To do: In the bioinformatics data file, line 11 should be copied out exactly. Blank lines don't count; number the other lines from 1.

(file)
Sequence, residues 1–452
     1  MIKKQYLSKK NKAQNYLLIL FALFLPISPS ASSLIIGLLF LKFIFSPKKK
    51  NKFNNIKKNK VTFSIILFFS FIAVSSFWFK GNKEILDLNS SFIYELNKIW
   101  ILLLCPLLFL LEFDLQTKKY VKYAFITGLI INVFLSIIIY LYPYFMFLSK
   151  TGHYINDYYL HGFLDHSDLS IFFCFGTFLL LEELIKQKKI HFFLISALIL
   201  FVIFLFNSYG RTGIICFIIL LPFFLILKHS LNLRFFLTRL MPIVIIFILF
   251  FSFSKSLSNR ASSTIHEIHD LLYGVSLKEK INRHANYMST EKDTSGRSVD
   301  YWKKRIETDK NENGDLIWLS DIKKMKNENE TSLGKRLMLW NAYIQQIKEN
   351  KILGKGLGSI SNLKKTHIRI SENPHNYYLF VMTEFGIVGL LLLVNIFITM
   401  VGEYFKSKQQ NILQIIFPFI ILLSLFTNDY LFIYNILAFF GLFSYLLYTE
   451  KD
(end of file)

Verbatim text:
   451  KD